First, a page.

So, the big news of the week was the Hugo Awards. I didn’t make it to WorldCon this year; it turns out Helsinki is far away from Cincinnati and expensive to travel to when one is poor. However, I’ve been vicariously enjoying the Con for days, and I did tune in to find out if SF Bluestocking won the award for Best Fanzine. It did not, but Lady Business did, and I honestly don’t think I would be happier if I had won. The ladies at Lady Business are wonderful, and you should be reading their stuff. Hearty congratulations and well-wishes all around.
You can see the full list of winners and nominees at the Hugo Awards website.
If you’d like to geek out a little over the nominating and voting data, be sure to check out the Hugo Administrator’s Reports. I did. Math is fun.
Remember No Man’s Sky? It got a big update this week, with the long-promised multiplayer functionality. I know I’ll be giving the game another look.
Meanwhile, you can read about Octavia E. Butler’s unfinished plans for her Earthseed series at Electric Literature.
I couldn’t properly articulate all of what I didn’t like about last week’s Game of Thrones, but fortunately Adrienne Keene at Native Appropriations could. She explains what was off about that Western-inspired loot train battle.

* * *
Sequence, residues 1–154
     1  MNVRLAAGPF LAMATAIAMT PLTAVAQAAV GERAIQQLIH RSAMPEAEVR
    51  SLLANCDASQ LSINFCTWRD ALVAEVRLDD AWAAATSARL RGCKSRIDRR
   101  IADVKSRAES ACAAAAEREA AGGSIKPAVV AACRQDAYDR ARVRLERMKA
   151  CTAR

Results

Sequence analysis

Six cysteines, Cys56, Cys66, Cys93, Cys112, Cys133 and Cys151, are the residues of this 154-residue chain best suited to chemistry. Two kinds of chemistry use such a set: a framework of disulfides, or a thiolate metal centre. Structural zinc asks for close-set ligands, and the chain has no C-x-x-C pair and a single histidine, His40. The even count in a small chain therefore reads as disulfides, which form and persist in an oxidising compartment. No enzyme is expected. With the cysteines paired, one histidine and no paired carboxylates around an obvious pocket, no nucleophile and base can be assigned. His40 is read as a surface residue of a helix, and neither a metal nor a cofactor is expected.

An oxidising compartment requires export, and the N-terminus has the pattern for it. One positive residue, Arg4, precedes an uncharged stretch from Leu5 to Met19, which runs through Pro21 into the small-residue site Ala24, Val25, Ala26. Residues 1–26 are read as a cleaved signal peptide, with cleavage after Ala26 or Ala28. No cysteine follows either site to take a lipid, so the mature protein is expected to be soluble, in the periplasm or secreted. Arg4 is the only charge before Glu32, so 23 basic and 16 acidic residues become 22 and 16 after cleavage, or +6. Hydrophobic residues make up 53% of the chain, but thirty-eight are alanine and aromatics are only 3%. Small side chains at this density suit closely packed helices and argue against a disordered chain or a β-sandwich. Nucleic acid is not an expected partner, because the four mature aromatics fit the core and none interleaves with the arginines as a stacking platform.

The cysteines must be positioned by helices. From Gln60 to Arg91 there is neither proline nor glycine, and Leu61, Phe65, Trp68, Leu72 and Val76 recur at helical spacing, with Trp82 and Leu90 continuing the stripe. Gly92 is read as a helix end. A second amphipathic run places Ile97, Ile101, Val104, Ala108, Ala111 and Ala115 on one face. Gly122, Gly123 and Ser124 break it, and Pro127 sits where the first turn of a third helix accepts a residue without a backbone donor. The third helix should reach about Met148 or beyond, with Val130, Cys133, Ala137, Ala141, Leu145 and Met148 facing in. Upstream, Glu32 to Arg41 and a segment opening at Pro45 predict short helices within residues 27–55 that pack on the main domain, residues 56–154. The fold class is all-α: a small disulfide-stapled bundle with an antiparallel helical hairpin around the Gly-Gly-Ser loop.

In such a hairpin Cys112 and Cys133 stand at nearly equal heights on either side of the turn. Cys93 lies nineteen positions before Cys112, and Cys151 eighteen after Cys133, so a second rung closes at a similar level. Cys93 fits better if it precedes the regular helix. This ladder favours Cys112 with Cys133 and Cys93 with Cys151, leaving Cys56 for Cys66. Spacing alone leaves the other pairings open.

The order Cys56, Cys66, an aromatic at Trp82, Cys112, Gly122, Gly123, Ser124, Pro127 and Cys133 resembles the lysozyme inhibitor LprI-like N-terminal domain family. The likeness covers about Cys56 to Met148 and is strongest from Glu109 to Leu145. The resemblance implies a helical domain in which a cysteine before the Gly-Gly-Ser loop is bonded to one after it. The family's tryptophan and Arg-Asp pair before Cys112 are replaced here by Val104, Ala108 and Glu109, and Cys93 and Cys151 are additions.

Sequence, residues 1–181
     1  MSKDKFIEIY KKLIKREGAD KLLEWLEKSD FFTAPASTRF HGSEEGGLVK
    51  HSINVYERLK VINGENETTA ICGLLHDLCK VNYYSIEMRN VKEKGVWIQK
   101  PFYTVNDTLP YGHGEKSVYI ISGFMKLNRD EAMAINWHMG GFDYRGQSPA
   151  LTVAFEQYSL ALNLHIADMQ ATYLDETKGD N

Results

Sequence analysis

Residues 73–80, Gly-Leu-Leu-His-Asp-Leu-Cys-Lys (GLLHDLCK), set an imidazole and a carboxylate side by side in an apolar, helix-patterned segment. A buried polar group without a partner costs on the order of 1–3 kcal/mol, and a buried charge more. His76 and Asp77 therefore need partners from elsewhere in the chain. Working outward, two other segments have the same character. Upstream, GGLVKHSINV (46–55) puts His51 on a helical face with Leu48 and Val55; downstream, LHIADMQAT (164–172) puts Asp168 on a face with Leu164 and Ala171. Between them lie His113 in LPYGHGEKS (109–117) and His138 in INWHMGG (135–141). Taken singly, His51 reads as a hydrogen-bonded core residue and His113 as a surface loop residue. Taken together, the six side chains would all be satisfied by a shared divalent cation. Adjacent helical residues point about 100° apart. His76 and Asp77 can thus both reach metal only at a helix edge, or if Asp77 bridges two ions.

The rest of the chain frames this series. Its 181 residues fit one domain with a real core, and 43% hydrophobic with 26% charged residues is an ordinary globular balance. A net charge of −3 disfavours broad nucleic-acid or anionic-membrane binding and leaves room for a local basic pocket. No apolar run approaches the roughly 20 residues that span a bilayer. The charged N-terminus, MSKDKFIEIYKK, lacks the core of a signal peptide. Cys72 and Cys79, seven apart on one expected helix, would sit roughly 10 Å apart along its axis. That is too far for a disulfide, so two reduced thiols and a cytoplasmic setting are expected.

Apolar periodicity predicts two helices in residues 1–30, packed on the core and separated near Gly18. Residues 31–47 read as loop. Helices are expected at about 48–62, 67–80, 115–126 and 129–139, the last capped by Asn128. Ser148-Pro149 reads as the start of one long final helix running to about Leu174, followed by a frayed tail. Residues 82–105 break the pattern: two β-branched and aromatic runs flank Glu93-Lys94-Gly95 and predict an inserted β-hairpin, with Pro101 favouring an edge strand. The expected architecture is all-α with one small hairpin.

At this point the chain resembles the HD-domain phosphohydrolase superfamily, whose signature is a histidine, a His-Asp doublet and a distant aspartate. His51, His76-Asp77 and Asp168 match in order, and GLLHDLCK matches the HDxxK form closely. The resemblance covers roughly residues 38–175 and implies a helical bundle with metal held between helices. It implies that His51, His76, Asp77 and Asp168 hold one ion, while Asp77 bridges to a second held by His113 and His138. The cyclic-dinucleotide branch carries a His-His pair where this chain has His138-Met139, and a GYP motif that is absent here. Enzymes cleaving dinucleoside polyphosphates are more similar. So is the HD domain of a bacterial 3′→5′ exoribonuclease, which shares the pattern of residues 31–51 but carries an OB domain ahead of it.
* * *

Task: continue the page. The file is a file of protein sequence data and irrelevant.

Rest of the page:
At Fantasy Literature, Theodora Goss has 4 Misconceptions About Victorian Women and a giveaway for her novel, The Strange Case of the Alchemist’s Daughter.
When I read Fran Wilde’s The Jewel and Her Lapidary, my major complaint about it was that it needed to be a longer series or a proper novel. Wish granted: she’s got two novellas coming out next year from Tor.com.
A.E. Ash’s novella, Temporary Duty Assignment, is out Tuesday from The Book Smugglers, but you can read a prequel story right now.
Transcendent 2: The Year’s Best Transgender Speculative Fiction, edited by Bogi Takács, is available for pre-order.
At Electric Literature, Anna Sheffer breaks down the epilogue of The Handmaid’s Tale.
At Tor.com, Anise K. Strong makes the case for divorce in fantasy.
“Welcome to Your Authentic Indian Experience” by Rebecca Roanhorse will break your heart. The whole current issue of Apex Magazine, A Celebration of Indigenous American Fantasists, is worth your time.